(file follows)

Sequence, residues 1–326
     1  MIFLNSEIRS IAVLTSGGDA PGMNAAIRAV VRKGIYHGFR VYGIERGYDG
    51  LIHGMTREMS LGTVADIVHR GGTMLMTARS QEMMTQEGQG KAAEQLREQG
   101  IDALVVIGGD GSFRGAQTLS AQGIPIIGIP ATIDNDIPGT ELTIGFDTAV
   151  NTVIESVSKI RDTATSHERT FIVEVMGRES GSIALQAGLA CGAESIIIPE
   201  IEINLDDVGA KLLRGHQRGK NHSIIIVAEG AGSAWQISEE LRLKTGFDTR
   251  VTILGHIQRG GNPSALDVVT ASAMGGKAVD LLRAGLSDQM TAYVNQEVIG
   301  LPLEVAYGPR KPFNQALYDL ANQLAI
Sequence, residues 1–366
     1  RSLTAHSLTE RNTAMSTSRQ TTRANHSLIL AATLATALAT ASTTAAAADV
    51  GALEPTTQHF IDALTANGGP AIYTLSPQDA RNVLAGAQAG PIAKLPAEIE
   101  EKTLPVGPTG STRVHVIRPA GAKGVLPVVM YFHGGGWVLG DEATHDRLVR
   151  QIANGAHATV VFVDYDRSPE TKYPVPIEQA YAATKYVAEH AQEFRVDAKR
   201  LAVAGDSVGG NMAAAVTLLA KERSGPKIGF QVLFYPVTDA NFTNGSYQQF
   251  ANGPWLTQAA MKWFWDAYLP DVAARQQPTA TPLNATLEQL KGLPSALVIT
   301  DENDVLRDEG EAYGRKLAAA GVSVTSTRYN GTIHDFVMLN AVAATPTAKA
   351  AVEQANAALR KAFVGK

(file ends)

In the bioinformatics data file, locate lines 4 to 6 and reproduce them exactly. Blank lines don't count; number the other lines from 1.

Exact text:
   101  IDALVVIGGD GSFRGAQTLS AQGIPIIGIP ATIDNDIPGT ELTIGFDTAV
   151  NTVIESVSKI RDTATSHERT FIVEVMGRES GSIALQAGLA CGAESIIIPE
   201  IEINLDDVGA KLLRGHQRGK NHSIIIVAEG AGSAWQISEE LRLKTGFDTR